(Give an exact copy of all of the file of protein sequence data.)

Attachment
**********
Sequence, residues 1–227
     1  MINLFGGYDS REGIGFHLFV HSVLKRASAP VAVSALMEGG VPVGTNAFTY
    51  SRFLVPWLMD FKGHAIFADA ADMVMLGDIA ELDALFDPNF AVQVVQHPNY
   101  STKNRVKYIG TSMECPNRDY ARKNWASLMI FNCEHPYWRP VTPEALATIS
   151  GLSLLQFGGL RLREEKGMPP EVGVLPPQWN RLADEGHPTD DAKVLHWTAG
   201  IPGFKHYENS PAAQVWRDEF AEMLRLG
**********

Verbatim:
Sequence, residues 1–227
     1  MINLFGGYDS REGIGFHLFV HSVLKRASAP VAVSALMEGG VPVGTNAFTY
    51  SRFLVPWLMD FKGHAIFADA ADMVMLGDIA ELDALFDPNF AVQVVQHPNY
   101  STKNRVKYIG TSMECPNRDY ARKNWASLMI FNCEHPYWRP VTPEALATIS
   151  GLSLLQFGGL RLREEKGMPP EVGVLPPQWN RLADEGHPTD DAKVLHWTAG
   201  IPGFKHYENS PAAQVWRDEF AEMLRLG